The psyllids used on the flight mill were classified in three categories: psyllids that did not fly during the experiment were categorized as ‘non flyers’; those that flew less than 60 s were categorized as ‘short flyers’; and those that flew 60 s or more were categorized as ‘long flyers’ [26]. It has been shown previously that the flight capacity of D. citri on a flight mill does not differ between the sexes [25, 26]; consequently, results from males and females were pooled. We first used a GLM with binomial distribution to compare the proportion of non-flyers, as function of infection status of the psyllid and of the host plant. Subsequently, the proportion of long flyers within the psyllids that flew was compared as function of infection status of the psyllid and of the host plant with a GLM with binomial distribution. After excluding non-flyers, we also compared the time to initiate flight and the distance covered by flight using a Kruskal-Wallis rank sum test and the flight speed with a one-way ANOVA. Within the group of D. citri that were infected, the relationship between flight duration and CLas infection ratio (16S/Wg) was assessed using a linear regression. Also, the CLas infection ratio (16S/Wg) was compared between long flyers versus short and non-flyers with a Kruskal-Wallis rank sum test. Wing length data were analyzed using a two-way ANOVA with sex and infection status as fixed variables.

Response of D. citri males to odors of CLas infected females

A two-port divided T-maze olfactometer (Analytical Research System, Gainesville, FL) was used to evaluate the behavioral response of D. citri. The olfactometer consisted of a 30 cm long glass tube with 3.5 cm internal diameter that was bifurcated into two equal halves with a polytetrafluoroethylene (PTFE) strip forming a T-maze [37]. Each half served as an arm of the olfactometer enabling the D. citri to make a choice between two potential odor fields. To ensure chemical free ambient air supply, both arms of the olfactometer received charcoal purified and humidified air from a custom made air delivery system (ARS, Gainesville, FL). A constant airflow of 0.1 L. min-1 was maintained through both arms of the olfactometer. The olfactometer was positioned vertically under a fluorescent 23 W light source (FLE23HT3/3/SW, GE Lighting, Cleveland, OH) mounted within a 1.0×0.6×0.6 m fiberboard box for uniform light diffusion. The measured light intensity was approximately 600 lux above the T-maze. Male D. citri adults were released individually at the base of the olfactometer and allowed 300 s to exhibit a behavioral response. A positive response was recorded when a male psyllid moved from the base and entered 1 cm into either arm of the olfactometer. Those psyllids that did not leave the base of the olfactometer were designated as non-responders. Odor sources were randomly assigned to one arm of the olfactometer at the beginning of each bioassay and the T-maze was rotated every five psyllids to eliminate positional bias. In addition, prior to odor testing, D. citri adult males were exposed to clean air vs. clean air in the olfactometer to verify the absence of positional bias. The olfactometer arms were connected to upstream odor sources consisting of glass tubes containing 10 female D. citri reared on either CLas- or CLas+ plants. This bioassay has been previously shown to be efficient in determining attraction of male D. citri to conspecific female odors [3133].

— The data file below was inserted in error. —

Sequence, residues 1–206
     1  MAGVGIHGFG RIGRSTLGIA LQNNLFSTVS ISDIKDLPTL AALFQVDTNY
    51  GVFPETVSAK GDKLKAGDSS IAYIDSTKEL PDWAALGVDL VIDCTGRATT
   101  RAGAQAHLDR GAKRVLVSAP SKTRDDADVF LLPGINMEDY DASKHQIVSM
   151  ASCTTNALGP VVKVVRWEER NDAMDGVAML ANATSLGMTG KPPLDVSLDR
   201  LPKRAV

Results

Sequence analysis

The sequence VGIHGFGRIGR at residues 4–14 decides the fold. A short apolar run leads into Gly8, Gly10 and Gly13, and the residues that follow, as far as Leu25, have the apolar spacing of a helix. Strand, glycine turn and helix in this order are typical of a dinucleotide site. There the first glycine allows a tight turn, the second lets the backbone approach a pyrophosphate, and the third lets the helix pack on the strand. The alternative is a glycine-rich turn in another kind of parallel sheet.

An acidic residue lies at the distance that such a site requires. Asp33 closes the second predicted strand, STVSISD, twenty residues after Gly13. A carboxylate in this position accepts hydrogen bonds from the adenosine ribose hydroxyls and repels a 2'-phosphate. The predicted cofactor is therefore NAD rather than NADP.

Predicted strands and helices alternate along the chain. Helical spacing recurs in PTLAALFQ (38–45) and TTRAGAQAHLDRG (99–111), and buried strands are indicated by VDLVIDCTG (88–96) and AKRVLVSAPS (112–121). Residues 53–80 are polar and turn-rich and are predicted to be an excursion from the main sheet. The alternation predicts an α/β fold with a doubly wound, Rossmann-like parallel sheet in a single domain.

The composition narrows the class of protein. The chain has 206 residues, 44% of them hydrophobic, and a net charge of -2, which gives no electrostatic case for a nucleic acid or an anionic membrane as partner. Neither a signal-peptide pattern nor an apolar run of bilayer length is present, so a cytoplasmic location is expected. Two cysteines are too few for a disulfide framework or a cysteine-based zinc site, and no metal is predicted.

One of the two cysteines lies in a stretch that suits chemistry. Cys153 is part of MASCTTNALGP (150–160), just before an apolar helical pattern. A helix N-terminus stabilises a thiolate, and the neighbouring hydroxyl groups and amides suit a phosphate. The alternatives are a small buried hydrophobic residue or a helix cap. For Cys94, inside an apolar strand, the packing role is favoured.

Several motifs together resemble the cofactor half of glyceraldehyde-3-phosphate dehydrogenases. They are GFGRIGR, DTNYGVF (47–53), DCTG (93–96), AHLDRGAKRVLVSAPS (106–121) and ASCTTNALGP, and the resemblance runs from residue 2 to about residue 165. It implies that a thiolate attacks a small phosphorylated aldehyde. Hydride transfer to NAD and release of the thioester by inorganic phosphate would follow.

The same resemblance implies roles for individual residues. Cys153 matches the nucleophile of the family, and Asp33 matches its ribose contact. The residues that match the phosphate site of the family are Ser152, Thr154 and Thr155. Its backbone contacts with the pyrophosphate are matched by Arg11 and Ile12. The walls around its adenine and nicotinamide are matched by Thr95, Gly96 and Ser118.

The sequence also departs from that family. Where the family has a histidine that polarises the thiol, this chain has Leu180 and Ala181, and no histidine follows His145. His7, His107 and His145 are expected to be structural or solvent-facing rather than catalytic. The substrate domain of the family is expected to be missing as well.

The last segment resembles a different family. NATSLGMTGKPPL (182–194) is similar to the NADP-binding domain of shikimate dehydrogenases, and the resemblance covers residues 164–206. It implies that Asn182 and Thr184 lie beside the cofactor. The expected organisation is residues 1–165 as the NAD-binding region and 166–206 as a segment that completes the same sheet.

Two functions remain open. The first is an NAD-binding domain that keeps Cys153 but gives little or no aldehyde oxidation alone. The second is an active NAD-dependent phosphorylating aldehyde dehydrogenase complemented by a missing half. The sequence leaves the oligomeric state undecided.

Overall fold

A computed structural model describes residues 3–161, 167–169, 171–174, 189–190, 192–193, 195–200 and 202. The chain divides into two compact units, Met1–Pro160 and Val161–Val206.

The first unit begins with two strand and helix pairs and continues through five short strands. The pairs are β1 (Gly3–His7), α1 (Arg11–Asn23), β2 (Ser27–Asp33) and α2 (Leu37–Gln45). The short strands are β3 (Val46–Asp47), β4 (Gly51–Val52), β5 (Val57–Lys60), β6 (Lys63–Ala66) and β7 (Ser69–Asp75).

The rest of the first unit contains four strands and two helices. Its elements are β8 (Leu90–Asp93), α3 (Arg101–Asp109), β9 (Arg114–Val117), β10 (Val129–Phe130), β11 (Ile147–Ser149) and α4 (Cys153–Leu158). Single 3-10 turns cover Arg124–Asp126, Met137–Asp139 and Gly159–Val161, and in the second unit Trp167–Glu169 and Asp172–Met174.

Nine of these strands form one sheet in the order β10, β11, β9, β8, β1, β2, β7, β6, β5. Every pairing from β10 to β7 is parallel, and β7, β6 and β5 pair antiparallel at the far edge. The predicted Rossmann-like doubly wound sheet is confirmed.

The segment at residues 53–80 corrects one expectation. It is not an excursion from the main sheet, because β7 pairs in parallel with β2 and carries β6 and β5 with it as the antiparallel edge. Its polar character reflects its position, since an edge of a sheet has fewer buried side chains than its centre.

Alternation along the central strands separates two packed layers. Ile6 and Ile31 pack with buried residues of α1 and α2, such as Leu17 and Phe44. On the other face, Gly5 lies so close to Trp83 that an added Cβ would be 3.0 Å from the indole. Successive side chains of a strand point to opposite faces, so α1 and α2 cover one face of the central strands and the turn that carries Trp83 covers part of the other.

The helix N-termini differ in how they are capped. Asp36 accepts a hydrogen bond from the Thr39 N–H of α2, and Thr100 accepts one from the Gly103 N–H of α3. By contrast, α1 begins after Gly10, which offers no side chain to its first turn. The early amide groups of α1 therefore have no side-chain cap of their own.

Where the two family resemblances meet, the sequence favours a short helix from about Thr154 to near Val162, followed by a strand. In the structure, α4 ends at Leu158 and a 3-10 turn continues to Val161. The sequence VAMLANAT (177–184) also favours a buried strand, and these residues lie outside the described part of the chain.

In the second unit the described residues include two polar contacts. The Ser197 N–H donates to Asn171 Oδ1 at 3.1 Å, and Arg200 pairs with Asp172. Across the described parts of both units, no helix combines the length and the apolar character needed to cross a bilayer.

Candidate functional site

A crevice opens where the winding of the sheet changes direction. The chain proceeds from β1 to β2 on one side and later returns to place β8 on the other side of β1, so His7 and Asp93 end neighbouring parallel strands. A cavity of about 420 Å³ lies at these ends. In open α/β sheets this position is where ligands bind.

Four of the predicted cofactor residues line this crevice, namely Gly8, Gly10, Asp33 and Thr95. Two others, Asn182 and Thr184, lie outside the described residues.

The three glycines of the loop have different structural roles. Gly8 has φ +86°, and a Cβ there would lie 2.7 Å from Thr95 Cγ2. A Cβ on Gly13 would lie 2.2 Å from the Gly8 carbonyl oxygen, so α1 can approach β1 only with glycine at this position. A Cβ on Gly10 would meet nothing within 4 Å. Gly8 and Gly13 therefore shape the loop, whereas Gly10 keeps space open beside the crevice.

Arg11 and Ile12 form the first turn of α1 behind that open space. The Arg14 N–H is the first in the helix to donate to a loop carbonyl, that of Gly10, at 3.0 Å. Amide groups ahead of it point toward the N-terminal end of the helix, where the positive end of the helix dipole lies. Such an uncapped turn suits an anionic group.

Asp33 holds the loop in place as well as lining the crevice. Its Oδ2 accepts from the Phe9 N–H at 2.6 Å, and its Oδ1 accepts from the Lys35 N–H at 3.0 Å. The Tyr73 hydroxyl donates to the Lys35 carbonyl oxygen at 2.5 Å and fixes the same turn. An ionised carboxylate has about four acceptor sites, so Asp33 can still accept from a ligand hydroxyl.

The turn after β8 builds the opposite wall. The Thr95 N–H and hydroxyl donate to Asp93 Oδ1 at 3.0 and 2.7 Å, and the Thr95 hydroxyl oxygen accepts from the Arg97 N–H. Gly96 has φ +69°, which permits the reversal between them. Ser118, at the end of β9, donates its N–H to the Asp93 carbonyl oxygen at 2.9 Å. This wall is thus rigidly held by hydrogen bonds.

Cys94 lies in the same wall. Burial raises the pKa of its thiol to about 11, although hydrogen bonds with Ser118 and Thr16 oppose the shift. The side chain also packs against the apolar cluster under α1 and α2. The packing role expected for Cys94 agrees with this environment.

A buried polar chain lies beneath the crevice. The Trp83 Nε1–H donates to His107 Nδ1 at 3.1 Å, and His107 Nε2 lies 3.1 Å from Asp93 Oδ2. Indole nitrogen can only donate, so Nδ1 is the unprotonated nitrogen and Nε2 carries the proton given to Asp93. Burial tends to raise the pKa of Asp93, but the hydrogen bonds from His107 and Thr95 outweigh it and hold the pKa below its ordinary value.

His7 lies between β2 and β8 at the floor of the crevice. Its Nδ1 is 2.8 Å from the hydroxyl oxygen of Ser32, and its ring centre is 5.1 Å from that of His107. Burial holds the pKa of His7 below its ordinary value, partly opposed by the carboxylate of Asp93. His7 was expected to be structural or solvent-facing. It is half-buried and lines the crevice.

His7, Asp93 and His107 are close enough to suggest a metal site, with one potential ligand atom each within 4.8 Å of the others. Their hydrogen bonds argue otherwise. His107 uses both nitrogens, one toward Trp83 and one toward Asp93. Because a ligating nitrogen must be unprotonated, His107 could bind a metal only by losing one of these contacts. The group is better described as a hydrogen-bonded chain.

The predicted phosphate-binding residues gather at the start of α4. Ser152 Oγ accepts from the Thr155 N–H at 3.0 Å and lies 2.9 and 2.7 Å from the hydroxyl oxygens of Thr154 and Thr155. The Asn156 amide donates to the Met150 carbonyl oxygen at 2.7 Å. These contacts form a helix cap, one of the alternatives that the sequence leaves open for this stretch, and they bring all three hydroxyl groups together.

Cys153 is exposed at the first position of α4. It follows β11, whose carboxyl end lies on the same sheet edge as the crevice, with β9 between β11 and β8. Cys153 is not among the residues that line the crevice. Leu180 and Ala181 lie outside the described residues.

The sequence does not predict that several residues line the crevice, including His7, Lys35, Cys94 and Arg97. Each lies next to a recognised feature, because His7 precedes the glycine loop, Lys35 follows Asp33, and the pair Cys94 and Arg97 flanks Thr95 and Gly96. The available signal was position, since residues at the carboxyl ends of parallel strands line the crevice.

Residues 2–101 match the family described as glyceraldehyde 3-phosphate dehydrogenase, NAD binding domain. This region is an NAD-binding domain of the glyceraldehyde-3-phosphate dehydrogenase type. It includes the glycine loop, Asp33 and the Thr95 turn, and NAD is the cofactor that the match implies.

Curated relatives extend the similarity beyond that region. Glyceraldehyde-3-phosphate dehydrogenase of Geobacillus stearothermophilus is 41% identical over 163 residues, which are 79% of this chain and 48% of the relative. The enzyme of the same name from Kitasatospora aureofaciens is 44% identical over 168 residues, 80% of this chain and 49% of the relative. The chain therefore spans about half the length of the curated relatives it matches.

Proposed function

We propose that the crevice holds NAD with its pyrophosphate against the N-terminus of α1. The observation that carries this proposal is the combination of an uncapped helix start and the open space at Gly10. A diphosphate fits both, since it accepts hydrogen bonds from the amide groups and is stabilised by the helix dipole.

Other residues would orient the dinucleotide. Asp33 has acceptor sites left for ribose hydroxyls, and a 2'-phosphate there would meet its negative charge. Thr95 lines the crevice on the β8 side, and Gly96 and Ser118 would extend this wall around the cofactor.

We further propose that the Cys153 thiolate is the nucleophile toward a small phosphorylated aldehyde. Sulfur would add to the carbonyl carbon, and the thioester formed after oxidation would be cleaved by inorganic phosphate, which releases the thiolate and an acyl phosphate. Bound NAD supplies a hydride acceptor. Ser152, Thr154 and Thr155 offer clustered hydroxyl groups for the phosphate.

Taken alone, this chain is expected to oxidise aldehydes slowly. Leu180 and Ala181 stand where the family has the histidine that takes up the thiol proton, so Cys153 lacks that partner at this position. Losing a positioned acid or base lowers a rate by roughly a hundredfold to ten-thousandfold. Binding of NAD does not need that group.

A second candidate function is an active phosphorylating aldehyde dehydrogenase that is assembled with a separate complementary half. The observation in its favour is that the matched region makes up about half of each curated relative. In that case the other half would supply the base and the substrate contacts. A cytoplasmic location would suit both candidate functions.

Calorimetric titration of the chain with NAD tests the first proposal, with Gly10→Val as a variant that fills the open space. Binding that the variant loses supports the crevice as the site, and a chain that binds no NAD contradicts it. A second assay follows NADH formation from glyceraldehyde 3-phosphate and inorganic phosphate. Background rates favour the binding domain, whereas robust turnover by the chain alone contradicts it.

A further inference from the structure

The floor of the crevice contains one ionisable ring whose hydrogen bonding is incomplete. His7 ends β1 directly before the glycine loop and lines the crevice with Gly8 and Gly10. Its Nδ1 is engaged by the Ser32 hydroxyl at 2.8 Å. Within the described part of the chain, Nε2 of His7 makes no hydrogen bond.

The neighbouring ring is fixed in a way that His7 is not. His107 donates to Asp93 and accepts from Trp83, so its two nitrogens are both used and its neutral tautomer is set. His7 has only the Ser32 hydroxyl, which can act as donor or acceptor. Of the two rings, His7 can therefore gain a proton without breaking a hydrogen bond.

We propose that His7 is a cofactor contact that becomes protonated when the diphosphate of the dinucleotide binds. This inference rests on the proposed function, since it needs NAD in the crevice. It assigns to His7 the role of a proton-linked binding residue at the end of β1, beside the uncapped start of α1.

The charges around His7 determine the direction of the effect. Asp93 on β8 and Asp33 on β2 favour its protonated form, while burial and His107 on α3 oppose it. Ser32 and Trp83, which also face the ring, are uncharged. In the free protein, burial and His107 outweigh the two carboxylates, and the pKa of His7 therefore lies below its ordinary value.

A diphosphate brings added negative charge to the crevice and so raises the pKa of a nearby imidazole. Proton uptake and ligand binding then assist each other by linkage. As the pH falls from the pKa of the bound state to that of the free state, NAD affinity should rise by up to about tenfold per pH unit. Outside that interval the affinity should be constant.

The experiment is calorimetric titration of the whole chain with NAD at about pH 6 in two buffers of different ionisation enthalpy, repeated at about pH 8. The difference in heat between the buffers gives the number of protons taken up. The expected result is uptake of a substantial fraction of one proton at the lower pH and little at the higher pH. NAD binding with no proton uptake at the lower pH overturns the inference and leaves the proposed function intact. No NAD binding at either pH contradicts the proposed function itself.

Subsequently, all females used as attractant sources were submitted to qPCR for detection of CLas (see above). All assays were conducted between 9:00 and 14:00 hrs. All psyllids used for these bioassays were of the green-blue color morph [26] and previously mated, given that preliminary earlier experiments have shown that males are more responsive to female odors when both males and females had previously mated [31, 54]. For each treatment, there were four replicates of 20 to 24 male D citri. Chi-square tests on pooled results from four replicates were used to compare the number of D. citri entering the treatment or control arm of the olfactometer. The response of male D. citri to odors of females that acquired the CLas pathogen, as compared with those that were not infected, was compared with a linear mixed-model with binomial distribution. The response of males among treatments was compared with ANOVA, followed by the Holm-Sidak test.

Supporting Information

S1 Table. Properties of settling and dispersal plants (means ± SE).

Dispersal and settling plants were of the same stem height, abundance of flush [cm], and number of flush per plant (Mann-Whitney U Test).




We thank Kacie Gmitter, Angel Hoyte, and Laurie Martini for providing technical support.

Author Contributions

Conceived and designed the experiments: XM MH KSP LLS MRC. Performed the experiments: XM MH MRC. Analyzed the data: XM MH KSP LLS. Contributed reagents/materials/analysis tools: XM MH KSP LLS. Wrote the paper: XM MH KSP LLS.